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Nigeria-- One year free, two more to go

On July 24, 2015, Nigeria cured its last known case of polio, meaning the African continent is now entirely free of the disease. According to WHO, “As recently as 2012, Nigeria accounted for more than half of all polio cases worldwide. Since then, a concerted effort by all levels of government, civil society, religious leaders and tens of thousands of dedicated health workers have resulted in Nigeria successfully stopping polio.” The organization and others still remain vigilant, as full certification of eradication requires three years of the disease’s absence. However, health workers and vaccinators celebrate around the world as more than a year has passed since the last known case was reported.

While efforts by medical volunteers and government officials may be more obvious, religious leaders in the region also deserve credit for facilitating “the first time that Nigeria has interrupted transmission of wild poliovirus” (WHO). In 2003, some religious figures began to speak out and condemn the polio vaccines, claiming they were a Western conspiracy to transmit HIV to young Muslim girls in order to prevent them from having children. However, following a sharp increase both in Nigeria and the surrounding region of polio diagnoses, the leaders previously in opposition reversed their endeavors and began promoting the vaccines.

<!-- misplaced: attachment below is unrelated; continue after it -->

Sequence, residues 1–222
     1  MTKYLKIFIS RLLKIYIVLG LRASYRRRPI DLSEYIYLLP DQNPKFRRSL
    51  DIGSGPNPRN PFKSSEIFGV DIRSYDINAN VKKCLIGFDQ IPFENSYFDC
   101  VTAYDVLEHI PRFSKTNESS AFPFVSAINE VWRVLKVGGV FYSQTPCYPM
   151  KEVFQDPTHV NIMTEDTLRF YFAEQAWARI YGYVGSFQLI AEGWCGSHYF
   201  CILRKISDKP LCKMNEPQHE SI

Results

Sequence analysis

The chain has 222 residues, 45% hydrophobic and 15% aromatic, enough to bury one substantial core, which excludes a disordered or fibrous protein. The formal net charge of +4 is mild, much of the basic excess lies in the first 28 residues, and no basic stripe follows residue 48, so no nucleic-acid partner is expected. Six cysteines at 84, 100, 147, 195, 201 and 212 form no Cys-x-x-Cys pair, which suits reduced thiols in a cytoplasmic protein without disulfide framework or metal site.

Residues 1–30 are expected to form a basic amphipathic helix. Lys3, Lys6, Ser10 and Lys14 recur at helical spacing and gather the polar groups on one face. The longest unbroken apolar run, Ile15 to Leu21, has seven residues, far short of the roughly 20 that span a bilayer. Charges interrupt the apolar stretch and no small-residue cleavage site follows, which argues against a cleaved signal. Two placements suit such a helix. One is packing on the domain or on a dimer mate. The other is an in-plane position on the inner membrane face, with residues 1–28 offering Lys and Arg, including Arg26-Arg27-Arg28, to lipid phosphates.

Unfortunately, polio is still endemic to the countries of Afghanistan and Pakistan. Until these places are declared cured as well, others with fragile health care infrastructure and government institutions are at risk for re-emergence. Vulnerable countries include Cameroon, Equatorial Guinea, Ethiopia, Iraq, Nigeria, Somalia, and Syria, according to the Global Polio Eradication Initiative. The next scheduled vaccination activities for the two endemic countries will occur as follows: Afghanistan National Immunization Day, November 29, 2015; and Pakistan Sub-National Immunization Day, December 14, 2015. To see all scheduled vaccination activities from the Global Polio Eradication Initiative, visit the interactive calendar.

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